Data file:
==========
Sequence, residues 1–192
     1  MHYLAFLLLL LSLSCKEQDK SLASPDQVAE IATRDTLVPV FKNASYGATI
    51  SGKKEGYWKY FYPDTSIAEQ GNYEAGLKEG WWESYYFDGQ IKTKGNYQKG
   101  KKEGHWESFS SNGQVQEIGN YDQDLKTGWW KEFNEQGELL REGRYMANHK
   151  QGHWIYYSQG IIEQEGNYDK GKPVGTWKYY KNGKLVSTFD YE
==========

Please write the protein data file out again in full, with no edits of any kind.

Sequence, residues 1–192
     1  MHYLAFLLLL LSLSCKEQDK SLASPDQVAE IATRDTLVPV FKNASYGATI
    51  SGKKEGYWKY FYPDTSIAEQ GNYEAGLKEG WWESYYFDGQ IKTKGNYQKG
   101  KKEGHWESFS SNGQVQEIGN YDQDLKTGWW KEFNEQGELL REGRYMANHK
   151  QGHWIYYSQG IIEQEGNYDK GKPVGTWKYY KNGKLVSTFD YE